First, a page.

School boards have to make budget choice, says Yves Bolduc
Education Minister Yves Bolduc tells CBC Daybreak school boards will have to choose how to save money
Quebec Education Minister Yves Bolduc told CBC Daybreak on Thursday that he never considered resigning after making — and then backtracking on — controversial comments about schools having enough library books.
Last week, Bolduc told French-language newspaper Le Devoir that children wouldn't die or stop reading if school libraries didn't buy more books this year.
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This week, he apologized for those comments and reinstated school boards' library budgets.
However, overall budget cuts were not reversed, leading Bolduc to tell CBC Daybreak host Mike Finnerty that now schools will be required to spend as much on books as last year, but will be faced with making a decision about where else to make cuts.
On Wednesday, CBC News reported that Quebec's education ministry said it never specifically asked schools to cut their school library budgets, and it won't be reversing previously announced cuts to school board budgets.
“We have a choice in Quebec. If we decide to have a good future, we have to make sure our public finances are fine, and we have two years to do it," Bolduc said Thursday.
The Lester B. Pearson School Board’s new budget includes a 37 per cent cut to libraries.
“I think what [Bolduc is] going to do is ask us to find money in our already very thin administrative budgets and that just may not be possible," said Lester B. Pearson chairwoman Suanne Stein Day on Wednesday.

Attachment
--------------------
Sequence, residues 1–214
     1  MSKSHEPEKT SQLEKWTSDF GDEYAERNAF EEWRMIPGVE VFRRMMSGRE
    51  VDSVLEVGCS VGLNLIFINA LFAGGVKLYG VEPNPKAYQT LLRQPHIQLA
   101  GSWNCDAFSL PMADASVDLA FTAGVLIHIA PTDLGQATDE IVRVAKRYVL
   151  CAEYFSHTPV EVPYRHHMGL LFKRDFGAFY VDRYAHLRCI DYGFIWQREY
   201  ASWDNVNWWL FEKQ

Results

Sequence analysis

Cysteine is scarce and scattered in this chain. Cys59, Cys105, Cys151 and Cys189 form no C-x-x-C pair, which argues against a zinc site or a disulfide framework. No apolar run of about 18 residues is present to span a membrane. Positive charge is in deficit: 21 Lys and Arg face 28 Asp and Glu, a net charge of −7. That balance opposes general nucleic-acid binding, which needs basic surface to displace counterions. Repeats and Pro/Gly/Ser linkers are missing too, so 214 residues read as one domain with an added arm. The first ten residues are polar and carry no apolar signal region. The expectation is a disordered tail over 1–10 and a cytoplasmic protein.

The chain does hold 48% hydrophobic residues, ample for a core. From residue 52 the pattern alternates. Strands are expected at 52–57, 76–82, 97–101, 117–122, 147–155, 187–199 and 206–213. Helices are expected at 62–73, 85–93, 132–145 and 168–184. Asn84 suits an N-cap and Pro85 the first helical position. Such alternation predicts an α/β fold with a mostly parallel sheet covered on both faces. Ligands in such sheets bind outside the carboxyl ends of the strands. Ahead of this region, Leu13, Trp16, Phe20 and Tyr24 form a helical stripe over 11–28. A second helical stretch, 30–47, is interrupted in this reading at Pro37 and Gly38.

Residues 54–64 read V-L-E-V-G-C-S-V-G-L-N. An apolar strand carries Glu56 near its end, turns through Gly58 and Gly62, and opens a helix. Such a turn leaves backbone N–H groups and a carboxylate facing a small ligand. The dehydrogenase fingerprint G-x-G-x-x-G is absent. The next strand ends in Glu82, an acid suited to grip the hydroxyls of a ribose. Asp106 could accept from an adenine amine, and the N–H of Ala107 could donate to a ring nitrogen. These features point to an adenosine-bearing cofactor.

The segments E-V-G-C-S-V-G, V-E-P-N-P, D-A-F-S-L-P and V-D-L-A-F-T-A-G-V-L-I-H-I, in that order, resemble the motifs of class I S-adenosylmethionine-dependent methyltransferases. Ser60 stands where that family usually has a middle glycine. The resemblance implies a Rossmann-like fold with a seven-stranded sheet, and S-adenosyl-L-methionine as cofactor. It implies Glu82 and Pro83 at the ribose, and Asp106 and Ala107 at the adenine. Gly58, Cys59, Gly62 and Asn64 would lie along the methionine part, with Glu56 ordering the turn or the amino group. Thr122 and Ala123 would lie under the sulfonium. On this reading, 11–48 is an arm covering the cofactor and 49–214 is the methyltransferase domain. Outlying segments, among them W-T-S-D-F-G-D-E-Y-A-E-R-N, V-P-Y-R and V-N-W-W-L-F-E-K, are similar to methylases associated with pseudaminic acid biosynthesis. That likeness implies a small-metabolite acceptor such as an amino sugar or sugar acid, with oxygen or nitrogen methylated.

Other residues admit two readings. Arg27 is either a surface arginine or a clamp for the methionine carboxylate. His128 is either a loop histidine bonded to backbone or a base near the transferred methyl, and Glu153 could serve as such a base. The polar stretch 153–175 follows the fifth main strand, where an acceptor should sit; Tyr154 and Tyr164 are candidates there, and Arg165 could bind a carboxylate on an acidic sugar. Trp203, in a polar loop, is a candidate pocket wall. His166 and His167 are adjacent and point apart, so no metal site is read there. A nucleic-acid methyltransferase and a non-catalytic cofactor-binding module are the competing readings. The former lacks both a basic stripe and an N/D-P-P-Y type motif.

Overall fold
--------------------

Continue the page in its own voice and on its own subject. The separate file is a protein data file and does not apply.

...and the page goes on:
The English Montreal School Board is facing an $3.8 million in cuts for the upcoming year.
Chair Angela Mancini said it's a challenge to find places to trim.
“Our administrative costs are some of the lowest in the province, especially within the English boards, so I don’t know where else you can cut," Mancini said.
Bolduc never considered resigning
Bolduc said he realized he had to apologize after reading the news over the weekend.
“On the weekend I read the articles and I saw that people thought I didn’t like books, which is not true," he said.
"I apologized because I love books."
When asked by CBC senior political analyst Bernard St-Laurent whether he considered resigning after a summer marred by two controversies — the first over his accepting government bonuses for taking on patients between ministerial stints — he said he never did.
He said he knew politics would be hard and that it's a matter of waiting out the storm.
"The lesson is that we have to work more and we have to [be careful]," Bolduc said.